Additive Manufacturing, AM in brief, is fascinating: As if by magic, complex workpieces grow in 3D printers: layer by layer by layer... without human intervention, as it may seem at first glance. But the technology is demanding and requires a lot of manual work with a sure touch, as a visit to the expert team at the Swiss m4m Center in Bettlach shows.
The Technology Transfer Center in Bettlach near Solothurn does not work for profit, but promotes 3D printing in the medical technology industry - with further training and innovative projects. The target group are Swiss SMEs that lack experience and equipment for this promising technology.
Opened in September 2020, the "Swiss m4m Center" has been certified since mid-April according to the ISO 13485:2016 standard for medical technology products. This step now allows professionals to manufacture real products with the production line they had previously installed and tested.
See for yourself how an implant in being manufactured. Follow the numbers on the interactive image below and track the Additive Manufacturing process of a hip implant - from powder to sterilized product for the operating theater.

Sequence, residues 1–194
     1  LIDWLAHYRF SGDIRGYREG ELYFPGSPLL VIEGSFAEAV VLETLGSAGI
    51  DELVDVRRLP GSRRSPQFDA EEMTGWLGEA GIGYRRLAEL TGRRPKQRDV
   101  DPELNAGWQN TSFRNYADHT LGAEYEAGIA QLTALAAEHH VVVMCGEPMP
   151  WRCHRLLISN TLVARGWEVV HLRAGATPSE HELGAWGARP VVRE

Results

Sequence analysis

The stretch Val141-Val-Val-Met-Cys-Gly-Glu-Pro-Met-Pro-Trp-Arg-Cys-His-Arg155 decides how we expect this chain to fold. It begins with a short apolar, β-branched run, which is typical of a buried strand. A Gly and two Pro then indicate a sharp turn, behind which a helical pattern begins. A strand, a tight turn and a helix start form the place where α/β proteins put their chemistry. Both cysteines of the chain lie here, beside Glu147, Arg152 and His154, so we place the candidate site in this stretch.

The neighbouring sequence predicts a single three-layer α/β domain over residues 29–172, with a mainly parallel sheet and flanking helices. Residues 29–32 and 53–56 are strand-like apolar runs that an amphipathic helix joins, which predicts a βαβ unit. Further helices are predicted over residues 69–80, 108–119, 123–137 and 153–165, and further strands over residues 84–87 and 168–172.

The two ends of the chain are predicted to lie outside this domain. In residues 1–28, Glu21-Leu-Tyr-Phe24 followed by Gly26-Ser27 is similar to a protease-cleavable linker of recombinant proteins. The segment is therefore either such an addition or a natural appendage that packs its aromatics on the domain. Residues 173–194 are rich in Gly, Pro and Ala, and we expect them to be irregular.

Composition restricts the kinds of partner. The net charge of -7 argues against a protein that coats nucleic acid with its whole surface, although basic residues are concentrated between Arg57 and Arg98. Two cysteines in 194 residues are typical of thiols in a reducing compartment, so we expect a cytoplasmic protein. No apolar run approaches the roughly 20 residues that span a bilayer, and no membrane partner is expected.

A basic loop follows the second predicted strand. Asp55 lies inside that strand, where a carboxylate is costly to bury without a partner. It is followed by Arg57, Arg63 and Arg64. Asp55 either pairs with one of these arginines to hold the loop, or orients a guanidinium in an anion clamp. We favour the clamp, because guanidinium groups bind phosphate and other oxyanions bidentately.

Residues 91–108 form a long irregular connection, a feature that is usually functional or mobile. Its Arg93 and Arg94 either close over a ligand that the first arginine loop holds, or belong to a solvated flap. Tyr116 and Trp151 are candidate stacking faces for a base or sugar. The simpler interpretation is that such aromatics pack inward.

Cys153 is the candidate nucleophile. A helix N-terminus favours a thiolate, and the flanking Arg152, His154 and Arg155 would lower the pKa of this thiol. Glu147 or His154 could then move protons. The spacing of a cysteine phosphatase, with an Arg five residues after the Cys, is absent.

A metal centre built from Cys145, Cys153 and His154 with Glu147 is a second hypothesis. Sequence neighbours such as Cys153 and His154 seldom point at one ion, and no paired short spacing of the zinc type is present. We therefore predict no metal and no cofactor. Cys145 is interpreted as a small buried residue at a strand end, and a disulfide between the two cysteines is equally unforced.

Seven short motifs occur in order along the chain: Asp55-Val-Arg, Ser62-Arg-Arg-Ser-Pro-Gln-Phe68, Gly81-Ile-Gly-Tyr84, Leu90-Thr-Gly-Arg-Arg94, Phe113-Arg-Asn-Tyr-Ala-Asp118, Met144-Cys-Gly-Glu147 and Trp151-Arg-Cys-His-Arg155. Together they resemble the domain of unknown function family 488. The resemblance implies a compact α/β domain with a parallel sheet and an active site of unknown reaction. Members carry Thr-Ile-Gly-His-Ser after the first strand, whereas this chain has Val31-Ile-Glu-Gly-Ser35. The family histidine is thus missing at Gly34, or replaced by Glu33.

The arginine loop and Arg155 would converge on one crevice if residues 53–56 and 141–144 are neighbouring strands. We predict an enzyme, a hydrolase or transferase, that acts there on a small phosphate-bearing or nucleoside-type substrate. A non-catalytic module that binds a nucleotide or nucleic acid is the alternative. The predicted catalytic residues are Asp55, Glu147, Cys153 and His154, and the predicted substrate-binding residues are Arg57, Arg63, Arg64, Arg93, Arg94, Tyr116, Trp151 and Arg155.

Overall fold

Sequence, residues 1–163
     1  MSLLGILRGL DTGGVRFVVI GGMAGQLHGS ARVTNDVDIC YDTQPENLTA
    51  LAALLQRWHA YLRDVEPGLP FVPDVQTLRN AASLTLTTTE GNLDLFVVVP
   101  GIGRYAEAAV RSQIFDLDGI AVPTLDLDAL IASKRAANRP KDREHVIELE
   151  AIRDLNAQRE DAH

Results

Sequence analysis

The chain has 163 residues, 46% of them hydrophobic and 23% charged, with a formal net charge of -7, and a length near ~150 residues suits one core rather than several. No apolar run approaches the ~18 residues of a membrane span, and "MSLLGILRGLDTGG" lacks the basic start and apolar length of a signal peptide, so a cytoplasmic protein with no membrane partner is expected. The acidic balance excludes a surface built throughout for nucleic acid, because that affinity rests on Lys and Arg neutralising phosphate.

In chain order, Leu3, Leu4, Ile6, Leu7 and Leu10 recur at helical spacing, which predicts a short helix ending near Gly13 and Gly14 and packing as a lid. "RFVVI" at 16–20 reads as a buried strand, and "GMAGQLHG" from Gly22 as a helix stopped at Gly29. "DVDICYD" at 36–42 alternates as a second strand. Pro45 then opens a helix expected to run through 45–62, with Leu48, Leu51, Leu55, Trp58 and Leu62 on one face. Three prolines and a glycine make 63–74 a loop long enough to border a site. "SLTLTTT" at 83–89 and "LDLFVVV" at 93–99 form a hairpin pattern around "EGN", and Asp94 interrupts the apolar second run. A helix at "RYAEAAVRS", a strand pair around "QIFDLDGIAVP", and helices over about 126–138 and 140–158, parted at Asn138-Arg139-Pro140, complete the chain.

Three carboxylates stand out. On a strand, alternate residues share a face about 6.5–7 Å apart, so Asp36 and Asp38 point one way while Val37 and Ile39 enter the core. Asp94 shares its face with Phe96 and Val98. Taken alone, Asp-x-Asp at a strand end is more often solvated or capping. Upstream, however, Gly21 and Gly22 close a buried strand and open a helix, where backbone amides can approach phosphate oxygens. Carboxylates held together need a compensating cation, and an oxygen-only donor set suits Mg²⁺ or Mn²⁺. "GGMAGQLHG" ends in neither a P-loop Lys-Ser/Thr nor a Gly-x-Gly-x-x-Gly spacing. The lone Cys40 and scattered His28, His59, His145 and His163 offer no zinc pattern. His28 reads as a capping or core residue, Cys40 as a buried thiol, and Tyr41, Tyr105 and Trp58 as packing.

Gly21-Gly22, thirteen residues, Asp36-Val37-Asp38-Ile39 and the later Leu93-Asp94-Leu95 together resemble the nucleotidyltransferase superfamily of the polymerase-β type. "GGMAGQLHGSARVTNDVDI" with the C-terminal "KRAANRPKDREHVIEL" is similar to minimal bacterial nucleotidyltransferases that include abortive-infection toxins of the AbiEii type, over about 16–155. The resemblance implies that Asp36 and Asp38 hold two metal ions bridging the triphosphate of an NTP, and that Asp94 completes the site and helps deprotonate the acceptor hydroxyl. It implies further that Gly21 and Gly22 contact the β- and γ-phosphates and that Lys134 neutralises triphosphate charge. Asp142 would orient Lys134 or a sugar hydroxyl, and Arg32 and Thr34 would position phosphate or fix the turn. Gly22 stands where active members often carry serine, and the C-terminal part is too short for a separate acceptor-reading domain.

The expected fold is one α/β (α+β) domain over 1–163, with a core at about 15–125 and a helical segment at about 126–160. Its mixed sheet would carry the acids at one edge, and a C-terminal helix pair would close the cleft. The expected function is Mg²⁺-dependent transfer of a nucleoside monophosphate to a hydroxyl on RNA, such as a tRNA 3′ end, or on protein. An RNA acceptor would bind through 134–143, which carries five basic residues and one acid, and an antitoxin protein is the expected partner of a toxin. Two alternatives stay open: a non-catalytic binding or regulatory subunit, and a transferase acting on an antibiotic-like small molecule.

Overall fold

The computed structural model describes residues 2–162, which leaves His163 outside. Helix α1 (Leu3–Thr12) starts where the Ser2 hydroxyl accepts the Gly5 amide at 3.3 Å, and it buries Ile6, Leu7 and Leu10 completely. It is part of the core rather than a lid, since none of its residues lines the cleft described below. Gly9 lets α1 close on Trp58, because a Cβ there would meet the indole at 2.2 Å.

The Swiss m4m Center is part of the AM-TTC Alliance (Advanced Manufacturing Technology Transfer Centers), which was founded on the initiative of the Empa and has a mandate from the State Secretariat for Education, Research and Innovation to evaluate applications and monitor the development of AM-TTC centers. Besides the Swiss m4m Center, there is currently ANAXAM (Analytics with Neutrons and X-Rays for Advanced Manufacturing) at the Paul Scherrer Institute (PSI). Later this year, the AM-TTC Alliance will launch a call with the goal of establishing two to three additional centers. Currently, the Alliance comprises 22 member organizations, among them, in addition to Empa, ETH Zurich, EPFL and other research institutions, companies such as ABB and Siemens, and industrial associations.
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